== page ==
After monitoring the weather and working on guidelines with the Centers for Disease Control, the Association of Zoos and Aquariums and other zoos – including Zoo Atlanta, Central Florida Zoo and Baton Rouge Zoo – officials s from the Hattiesburg Zoo reopened the facility to the public at 10 a.m. June 5 for the first time since closing on March 16 because of the risk of COVID-19.
“We have been working with our national industry to establish a reopening plan so that our guests have a safe and enjoyable visit with their families,” said Rick Taylor, executive director of the Hattiesburg Convention Commission, which runs the zoo. “The outpouring of care and support during our closure has been amazing, and we have been eagerly waiting to present a safe environment in which we can enjoy everyone’s smiling faces again.”
In Phase 1 of reopening, guests will be limited to 25 percent of the regular capacity of the zoo, entry times will be staggered and tickets should be purchased in advance at hattiesburgzoo.com. Tickets for zoo entry may be scanned from a smartphone or printed for scanning at entry.
Ticket reservations also will apply to annual pass holders, and annual passes, photo identifications and timed tickets will be checked upon entry. Once a ticket has been purchased, no refunds or exchanges will be issued.
Guests will be asked to practice social distancing procedures and to follow any and all state or local orders regarding face masks or coverings.
Zoo officials are currently adding more sanitizing procedures at high-touch areas of the facility and have increased the number of sanitizing stations throughout the grounds. Distancing markers have been placed at all normal lineup areas, including the entry, food service, attractions and popular animal exhibits.
For the time being, the zoo will operate in a one-way direction, and all indoor facilities – including the Asbury Discovery Center and the Education Building – will remain closed. Areas where guests may have close contact, such as the South American Exhibit Pier and the Tiger Tower, have been restricted.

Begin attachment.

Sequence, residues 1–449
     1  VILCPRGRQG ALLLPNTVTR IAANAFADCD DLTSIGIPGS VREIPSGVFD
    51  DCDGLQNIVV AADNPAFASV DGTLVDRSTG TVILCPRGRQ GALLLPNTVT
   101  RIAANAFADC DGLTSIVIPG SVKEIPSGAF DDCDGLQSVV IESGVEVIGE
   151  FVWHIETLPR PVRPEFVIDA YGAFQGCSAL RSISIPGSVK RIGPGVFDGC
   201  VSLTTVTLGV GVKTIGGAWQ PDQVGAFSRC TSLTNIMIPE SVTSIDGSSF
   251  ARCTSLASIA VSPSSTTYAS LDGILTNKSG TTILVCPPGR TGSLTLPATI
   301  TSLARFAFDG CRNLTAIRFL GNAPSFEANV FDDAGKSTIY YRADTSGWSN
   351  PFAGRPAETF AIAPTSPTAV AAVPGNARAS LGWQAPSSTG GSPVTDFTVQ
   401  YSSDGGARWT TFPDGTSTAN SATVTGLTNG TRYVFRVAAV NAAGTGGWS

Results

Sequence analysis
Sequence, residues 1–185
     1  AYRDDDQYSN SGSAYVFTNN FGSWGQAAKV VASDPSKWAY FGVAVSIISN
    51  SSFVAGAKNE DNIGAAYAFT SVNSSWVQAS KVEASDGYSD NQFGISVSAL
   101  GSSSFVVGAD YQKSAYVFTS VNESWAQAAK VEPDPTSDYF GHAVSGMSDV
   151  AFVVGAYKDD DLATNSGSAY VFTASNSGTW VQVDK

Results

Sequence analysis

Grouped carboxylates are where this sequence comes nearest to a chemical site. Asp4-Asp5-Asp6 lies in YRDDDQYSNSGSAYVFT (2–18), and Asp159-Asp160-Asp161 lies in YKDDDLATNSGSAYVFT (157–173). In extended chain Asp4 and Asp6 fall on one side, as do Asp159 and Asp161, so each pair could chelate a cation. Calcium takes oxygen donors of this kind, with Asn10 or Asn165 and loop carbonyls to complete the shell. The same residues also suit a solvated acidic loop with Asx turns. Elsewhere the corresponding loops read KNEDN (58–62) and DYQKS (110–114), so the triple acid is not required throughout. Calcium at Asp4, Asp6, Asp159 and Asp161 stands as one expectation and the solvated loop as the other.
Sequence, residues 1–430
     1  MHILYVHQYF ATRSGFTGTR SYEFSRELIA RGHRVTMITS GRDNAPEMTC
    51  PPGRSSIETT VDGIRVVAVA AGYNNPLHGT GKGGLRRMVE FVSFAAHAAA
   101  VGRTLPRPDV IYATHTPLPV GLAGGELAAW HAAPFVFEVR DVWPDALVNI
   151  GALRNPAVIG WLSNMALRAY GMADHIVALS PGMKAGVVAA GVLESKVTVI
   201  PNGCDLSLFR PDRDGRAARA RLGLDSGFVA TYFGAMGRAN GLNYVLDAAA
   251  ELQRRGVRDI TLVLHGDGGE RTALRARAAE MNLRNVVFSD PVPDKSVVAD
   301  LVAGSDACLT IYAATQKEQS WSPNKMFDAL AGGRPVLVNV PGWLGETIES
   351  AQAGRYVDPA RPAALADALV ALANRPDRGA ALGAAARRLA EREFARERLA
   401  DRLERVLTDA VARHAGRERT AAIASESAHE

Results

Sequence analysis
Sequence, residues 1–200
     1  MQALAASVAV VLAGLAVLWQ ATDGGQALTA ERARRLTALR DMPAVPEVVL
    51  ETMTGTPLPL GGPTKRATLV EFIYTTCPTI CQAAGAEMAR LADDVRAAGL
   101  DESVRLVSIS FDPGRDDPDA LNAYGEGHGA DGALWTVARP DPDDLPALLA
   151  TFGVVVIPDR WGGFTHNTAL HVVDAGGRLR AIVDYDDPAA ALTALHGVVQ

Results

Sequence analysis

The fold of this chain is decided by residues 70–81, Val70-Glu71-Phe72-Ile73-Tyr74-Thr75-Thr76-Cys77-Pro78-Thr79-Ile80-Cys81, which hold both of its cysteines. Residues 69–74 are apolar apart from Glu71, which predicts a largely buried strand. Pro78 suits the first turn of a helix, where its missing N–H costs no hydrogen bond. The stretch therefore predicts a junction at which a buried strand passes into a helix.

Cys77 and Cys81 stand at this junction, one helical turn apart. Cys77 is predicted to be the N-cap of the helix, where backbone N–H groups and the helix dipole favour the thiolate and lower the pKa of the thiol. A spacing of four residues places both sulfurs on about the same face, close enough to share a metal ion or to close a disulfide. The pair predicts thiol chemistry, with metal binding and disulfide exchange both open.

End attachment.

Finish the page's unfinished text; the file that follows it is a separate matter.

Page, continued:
Keeper chats and animal encounters have been temporarily postponed.
The Safari Grill and the Snack Station near the zoo’s Australia exhibit will be open with a limited menu along with properly adjusted outdoor seating. Protocols will be adjusted as appropriate for the safety of guests and animals.
“This first week may be challenging as we enter uncharted waters together,” Taylor said. “We all may occasionally get frustrated with these new ways to enjoy the zoo. But let’s agree to work together, because being together – albeit distanced – is better than apart.
“Rascal (the obnoxious Cockatoo), Tina (the prima donna Crowned Crane), Craig (the staid Galapagos Tortoise), Kevin (the rotund Kune Kune pig), Maya (the stealthy black Jaguar) and all of the rambunctious Nigerian Dwarf Goats are wondering where you all have been. Leggs, the Tarantula, has not indicated a preference.”
In addition, Wisconsin artist Jill Wettstein, who has been following the zoo’s social media channels during its closure, has painted several rocks featuring popular zoo animals, which will be placed around the zoo for guests to find on opening day. The zoo also is encouraging local residents to hide their own rocks throughout the zoo and post any discovered rocks on social media with the hashtags #hburzoorocks, #jillfcsrocks and #kindnessrocks.
Individuals can also private message the zoo on Facebook to send painted rocks to be hidden.
Annual pass holders who have had their membership benefits impacted by the pandemic will have the expiration dates on their passes extended by an additional two months.
In the meantime, the Hattiesburg Convention Commission is working on plans to slowly and safely open its other facilities, including the Saenger Theater, Lake Terrace Convention Center and the African American Military History Museum.